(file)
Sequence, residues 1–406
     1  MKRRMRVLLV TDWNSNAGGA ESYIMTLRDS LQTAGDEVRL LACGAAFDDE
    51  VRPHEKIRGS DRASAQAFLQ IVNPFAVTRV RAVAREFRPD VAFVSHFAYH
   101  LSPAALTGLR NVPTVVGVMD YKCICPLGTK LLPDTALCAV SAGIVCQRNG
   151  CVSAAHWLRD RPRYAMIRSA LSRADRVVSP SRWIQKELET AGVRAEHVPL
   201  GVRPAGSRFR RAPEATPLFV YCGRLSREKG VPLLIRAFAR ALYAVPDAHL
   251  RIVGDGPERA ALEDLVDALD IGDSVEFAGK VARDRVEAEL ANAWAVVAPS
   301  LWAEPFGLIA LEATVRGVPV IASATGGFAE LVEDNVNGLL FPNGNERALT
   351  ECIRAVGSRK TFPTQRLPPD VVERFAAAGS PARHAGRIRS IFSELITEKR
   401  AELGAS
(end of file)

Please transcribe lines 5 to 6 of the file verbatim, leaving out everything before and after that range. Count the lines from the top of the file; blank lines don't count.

   151  CVSAAHWLRD RPRYAMIRSA LSRADRVVSP SRWIQKELET AGVRAEHVPL
   201  GVRPAGSRFR RAPEATPLFV YCGRLSREKG VPLLIRAFAR ALYAVPDAHL